DEFINITION of 'Deferred Equity'

Deferred equity is a type of security, such as preferred shares or convertible bonds, that can be exchanged in the future at a predetermined price for another type of instrument, such as shares of common stock. These securities are known as deferred equity because of their equity component, and the expectation that they will be converted into stock shares in the future. They are also called convertibles, usually bonds or preferred shares that can be converted into common stock.

BREAKING DOWN 'Deferred Equity'

A convertible bond is an example of deferred equity since the bondholder will exercise the convertible option and convert the bond to shares of common stock if the price of the underlying shares rise to a profitable level, typically 25% higher than the price at issuance. Issuing convertible bonds is a way for a company to offer a low coupon yield, but entice investors with a value-added component. Each convertible bond has a conversion ratio that denotes the number of shares of common stock the bond holder can receive upon conversion. The ratio may be stable or it might change over the bond’s life, but it is always adjusted for stock splits and stock dividends. A conversion ratio of 50 means that for every $1,000 of par value, or face value of the bond, the bond holder converts, he or she will obtain 50 shares of common stock. Most convertible bonds have intermediate-term maturities.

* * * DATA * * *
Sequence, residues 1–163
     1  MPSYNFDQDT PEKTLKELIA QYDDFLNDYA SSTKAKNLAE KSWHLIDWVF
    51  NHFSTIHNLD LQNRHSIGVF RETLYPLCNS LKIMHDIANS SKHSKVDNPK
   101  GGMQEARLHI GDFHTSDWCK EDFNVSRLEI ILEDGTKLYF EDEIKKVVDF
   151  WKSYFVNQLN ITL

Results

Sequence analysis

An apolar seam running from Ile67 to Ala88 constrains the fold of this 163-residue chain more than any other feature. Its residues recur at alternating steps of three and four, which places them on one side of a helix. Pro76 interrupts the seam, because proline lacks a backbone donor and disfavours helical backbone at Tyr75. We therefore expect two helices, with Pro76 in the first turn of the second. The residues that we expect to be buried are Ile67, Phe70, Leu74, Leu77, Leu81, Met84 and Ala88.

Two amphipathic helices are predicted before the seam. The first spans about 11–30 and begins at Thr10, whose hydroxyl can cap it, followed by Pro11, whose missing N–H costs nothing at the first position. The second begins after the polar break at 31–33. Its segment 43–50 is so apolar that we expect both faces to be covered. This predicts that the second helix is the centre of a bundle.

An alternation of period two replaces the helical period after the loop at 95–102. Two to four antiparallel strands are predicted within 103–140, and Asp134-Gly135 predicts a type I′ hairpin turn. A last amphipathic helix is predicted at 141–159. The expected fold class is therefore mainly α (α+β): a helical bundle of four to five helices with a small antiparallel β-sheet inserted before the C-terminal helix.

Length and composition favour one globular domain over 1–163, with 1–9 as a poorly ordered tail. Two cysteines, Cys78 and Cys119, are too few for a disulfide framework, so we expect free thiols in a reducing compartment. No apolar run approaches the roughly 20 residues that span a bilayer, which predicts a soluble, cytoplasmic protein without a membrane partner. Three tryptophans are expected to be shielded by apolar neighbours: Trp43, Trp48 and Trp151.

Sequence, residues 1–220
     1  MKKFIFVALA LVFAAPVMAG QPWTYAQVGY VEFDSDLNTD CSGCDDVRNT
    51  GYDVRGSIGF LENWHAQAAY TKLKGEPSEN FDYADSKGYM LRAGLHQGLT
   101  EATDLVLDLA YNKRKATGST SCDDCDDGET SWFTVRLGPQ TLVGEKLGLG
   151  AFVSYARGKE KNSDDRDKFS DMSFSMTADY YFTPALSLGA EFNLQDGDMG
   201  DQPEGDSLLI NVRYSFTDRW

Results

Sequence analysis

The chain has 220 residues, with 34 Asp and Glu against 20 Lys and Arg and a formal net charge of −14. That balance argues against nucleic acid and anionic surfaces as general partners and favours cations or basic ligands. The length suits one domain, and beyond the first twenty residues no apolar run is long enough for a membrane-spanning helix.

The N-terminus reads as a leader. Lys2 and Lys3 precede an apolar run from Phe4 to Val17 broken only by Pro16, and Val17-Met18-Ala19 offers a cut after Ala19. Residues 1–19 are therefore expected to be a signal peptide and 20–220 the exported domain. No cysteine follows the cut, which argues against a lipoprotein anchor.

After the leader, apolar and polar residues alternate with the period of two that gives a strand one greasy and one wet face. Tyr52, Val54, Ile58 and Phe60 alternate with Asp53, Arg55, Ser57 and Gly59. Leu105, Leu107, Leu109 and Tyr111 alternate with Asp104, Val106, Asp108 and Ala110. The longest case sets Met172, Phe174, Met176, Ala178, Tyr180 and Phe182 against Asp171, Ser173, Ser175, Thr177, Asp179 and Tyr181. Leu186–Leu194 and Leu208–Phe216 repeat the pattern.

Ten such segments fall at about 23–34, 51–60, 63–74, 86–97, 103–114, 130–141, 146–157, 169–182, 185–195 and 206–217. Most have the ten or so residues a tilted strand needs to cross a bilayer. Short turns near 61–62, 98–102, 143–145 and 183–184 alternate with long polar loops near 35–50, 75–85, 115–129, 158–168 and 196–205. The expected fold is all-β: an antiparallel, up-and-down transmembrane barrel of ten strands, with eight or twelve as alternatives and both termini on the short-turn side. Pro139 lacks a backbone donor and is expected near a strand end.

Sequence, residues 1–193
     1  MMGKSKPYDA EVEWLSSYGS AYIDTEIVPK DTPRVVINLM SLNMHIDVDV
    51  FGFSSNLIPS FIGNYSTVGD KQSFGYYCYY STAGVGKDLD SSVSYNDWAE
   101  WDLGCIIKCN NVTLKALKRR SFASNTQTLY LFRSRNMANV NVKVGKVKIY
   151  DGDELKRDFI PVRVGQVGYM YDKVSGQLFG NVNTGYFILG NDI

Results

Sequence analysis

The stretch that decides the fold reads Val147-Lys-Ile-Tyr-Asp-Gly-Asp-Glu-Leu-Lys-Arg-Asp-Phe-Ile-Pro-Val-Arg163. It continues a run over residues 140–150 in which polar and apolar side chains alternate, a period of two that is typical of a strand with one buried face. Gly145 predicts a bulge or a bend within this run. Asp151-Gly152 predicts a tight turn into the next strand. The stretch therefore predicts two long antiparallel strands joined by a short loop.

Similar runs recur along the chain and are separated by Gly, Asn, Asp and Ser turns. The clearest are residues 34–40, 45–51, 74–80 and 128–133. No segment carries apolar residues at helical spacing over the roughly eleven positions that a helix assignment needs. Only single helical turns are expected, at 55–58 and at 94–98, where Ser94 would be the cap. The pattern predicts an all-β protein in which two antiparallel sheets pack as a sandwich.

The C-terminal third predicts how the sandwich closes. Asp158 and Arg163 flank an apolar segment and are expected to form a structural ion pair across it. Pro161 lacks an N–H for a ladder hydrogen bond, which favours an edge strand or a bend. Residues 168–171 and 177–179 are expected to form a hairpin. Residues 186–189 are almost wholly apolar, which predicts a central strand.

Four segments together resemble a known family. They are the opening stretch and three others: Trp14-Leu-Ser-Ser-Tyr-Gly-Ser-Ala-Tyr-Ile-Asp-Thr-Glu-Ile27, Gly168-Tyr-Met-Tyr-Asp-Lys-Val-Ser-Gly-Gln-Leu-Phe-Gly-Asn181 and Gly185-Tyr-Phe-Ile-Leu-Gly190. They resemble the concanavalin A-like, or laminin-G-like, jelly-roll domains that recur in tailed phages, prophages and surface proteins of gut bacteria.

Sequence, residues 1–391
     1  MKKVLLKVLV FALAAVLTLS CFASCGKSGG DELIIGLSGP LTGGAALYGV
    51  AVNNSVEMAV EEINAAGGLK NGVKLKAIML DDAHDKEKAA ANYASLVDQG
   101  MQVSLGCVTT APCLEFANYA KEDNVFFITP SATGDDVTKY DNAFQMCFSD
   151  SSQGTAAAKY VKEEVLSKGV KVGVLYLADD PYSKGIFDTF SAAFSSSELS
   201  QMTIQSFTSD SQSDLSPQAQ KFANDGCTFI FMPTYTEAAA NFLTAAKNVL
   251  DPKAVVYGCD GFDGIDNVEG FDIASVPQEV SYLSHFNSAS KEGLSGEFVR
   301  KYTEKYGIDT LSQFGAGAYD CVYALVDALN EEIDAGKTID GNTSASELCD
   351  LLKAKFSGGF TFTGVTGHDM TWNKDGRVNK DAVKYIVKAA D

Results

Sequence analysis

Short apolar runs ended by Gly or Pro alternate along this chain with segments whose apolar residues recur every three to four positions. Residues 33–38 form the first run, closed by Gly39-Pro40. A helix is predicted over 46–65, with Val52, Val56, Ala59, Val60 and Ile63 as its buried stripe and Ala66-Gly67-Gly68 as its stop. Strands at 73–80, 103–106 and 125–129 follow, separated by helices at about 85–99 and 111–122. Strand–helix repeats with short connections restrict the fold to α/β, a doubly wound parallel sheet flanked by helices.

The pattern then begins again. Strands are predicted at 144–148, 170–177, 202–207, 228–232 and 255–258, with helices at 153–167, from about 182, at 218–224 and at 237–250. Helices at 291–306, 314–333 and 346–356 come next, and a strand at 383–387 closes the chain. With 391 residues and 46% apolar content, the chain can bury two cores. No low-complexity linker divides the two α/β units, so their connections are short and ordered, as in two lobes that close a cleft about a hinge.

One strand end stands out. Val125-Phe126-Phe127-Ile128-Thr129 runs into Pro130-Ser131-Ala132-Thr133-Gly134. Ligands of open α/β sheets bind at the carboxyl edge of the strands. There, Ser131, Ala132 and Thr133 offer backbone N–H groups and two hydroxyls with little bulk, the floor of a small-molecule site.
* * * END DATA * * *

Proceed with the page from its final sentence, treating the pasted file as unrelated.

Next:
In addition, most convertible bonds have a call provision, i.e., the company can force investors to convert the bond into common stock, usually when the stock price rallies to a high level. Investors who wish to convert must do so at that price, even if they would rather wait for an even higher price. The upside is not unlimited. However, the investor will receive the par value of the bond at maturity, even if the share price falls dramatically and thus, it supplies some downside protection.

A convertible security is a debt instrument that can be converted to equity, thus deferring the equity until the time that the conversion to common stock, for example, takes place.

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